Comment

28.04.17

Improving information sharing to support integration

Source: PSE Apr/May 17

Kevin Kewin, a senior adviser in the Care and Health Improvement Programme at the LGA, explains how social care can be transformed through the use of information and technology.

The funding pressures facing social care, and the NHS, have been prominent in media headlines in recent years. This is understandable in a context of rapidly increasing need, rising expectations and reduced funding. However, at the same time, many local councils, working with health partners, have been quietly transforming care services through information sharing and the use of technology.   

A recent LGA publication, produced with the Institute of Public Care and Oxford Brookes University, highlighted some of this innovation that is evident across the country and the impact that it’s having both in terms of improved outcomes for individuals and financial savings. The ‘Transforming social care through the use of information and technology’ document sets out five key ways information and technology is having an impact: 

  • Integrating information and services
  • Enabling people to interact with care services through digital channels
  • Promoting independence and wellbeing through the use of digital services
  • Integrating commissioning through the improved use of information and analysis
  • Enabling care professionals to work from any base at any time 

The publication is deliberately not aimed at IT specialists; it is to aid senior officers, and councillors, to support thinking as to how information and technology can support better care services.

Significantly, three of the publication’s themes directly relate to improving information sharing across a place and around individuals. 

ThinkstockPhotos-488565654

Integrating information and services 

Citizens accessing care services often wonder why they need to provide the same information to a number of different organisations they are in contact with, such as their GP, local hospital or domiciliary care provider. These instances can be frustrating for the service user and make delivering high-quality care more difficult for organisations. The reasons for these situations can be manifold: from information governance and data protection concerns – which may or may not be legitimate – to the age-old problem of ‘systems not talking to each other’. While some of these difficulties will not disappear overnight, many people are already beginning to see the benefit of care organisations that are sharing information more effectively to provide genuinely joined-up services.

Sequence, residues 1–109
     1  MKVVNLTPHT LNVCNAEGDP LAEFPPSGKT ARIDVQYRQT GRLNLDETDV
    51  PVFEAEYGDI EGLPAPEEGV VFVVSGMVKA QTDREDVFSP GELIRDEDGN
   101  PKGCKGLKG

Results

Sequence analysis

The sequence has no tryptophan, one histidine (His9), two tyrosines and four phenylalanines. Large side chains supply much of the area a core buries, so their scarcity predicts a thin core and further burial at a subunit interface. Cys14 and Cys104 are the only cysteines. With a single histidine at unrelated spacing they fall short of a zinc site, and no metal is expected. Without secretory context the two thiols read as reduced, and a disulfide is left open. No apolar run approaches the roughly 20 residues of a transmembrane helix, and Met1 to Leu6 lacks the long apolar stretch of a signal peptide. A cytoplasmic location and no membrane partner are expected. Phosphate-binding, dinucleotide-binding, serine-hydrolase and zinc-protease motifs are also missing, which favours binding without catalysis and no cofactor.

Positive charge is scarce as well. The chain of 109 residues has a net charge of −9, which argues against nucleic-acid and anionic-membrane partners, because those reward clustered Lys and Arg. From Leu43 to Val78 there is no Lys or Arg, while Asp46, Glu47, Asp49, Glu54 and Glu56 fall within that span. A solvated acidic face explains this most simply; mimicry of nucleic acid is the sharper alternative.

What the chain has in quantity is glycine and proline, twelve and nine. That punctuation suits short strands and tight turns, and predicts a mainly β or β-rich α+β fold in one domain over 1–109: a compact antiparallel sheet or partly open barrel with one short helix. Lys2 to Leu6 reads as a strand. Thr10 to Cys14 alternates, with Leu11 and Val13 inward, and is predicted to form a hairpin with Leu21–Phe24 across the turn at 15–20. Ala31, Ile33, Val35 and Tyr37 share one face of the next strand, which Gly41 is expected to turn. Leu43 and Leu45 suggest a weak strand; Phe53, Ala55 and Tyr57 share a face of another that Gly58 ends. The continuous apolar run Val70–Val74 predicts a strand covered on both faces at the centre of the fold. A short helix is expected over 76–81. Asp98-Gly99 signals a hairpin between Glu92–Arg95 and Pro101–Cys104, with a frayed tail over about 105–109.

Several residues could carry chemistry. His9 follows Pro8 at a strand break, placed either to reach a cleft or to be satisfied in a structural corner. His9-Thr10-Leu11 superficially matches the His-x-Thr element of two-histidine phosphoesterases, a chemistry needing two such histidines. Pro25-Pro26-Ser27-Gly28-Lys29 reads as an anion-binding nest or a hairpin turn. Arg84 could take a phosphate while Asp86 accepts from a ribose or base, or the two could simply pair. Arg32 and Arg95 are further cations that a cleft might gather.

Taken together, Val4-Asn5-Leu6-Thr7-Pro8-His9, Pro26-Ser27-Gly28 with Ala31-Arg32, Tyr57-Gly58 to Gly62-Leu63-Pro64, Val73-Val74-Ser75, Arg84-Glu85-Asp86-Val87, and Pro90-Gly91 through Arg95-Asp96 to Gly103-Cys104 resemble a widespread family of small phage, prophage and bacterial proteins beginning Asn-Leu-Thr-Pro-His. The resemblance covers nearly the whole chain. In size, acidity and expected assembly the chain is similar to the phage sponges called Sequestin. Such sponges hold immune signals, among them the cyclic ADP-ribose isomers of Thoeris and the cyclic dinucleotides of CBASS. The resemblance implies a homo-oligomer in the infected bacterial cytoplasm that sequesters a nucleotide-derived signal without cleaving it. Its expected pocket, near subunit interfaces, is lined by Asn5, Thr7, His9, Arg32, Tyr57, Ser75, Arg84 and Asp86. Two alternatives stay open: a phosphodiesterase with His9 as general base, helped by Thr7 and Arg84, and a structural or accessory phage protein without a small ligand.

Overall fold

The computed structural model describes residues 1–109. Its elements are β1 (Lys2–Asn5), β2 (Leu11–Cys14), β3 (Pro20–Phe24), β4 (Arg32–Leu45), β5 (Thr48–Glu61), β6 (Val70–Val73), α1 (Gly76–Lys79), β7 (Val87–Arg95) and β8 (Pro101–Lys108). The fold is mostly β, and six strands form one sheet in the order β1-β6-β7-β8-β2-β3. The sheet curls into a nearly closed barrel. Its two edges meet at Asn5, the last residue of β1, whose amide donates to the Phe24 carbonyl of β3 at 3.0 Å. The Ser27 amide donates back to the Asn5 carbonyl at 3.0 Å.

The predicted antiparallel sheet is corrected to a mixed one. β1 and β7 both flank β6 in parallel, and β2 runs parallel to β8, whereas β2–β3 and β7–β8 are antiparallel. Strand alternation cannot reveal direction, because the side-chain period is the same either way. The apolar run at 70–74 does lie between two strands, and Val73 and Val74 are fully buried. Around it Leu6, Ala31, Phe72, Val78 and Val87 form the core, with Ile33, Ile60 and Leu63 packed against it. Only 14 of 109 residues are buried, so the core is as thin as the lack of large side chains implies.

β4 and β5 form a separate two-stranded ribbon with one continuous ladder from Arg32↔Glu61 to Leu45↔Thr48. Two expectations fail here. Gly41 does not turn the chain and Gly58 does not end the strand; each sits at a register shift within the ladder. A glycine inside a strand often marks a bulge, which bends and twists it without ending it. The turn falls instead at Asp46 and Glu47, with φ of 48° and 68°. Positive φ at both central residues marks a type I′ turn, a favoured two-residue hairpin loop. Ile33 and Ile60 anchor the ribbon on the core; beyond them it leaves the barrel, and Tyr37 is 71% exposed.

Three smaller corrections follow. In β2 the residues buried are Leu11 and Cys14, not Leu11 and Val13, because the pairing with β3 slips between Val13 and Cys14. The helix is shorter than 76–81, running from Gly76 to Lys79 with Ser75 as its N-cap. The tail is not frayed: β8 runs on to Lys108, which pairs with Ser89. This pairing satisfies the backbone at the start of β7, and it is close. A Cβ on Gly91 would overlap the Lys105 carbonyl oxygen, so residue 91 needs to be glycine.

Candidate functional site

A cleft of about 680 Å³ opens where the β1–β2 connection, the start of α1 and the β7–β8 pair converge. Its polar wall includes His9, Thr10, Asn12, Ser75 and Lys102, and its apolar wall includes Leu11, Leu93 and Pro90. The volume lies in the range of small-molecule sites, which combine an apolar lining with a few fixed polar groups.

For example, transfers of care across settings – such as an individual moving from a hospital to social care support – can sometimes be problematic. The use of phone calls and faxes to transfer key information can lead to mistakes and delays. Cumbria is one area that has implemented an electronic referral and matching system across health, adult and children’s services. It allows NHS trusts in the area to automatically make referrals to social care which increases the speed of transfer. It has also supported efficiency savings, estimated at £400,000 per year. Similar approaches are now taking place with care providers, including care homes. 

In addition to a citizen only needing to tell their story once, there are clear advantages for professionals providing care in being able to see a single and joined-up view of the person and their ‘whole’ journey. There is also the potential to use this information to support integrated commissioning, including identifying those people most at risk of escalating care needs. 

Integrating commissioning through the improved use of information and analysis 

Effective and integrated commissioning across health and care relies upon a sophisticated understanding of the sometimes complex journeys that citizens take as they access services. We are increasingly seeing commissioners linking anonymised client-level data to understand what is happening across local areas, and specific pathways, to inform decision-making. Many councils are now working with partners and using systems to integrate data from multiple local sources, moving away from manual approaches which can be time consuming and error-prone. 

It’s important to engage the public on the use of their data and respect the privacy of information to prevent the reidentification of individuals. There are now many examples of effective federated approaches, which share only the required information, rather than centrally ‘pooling’, with the removal of personal identifiers prior to linking data.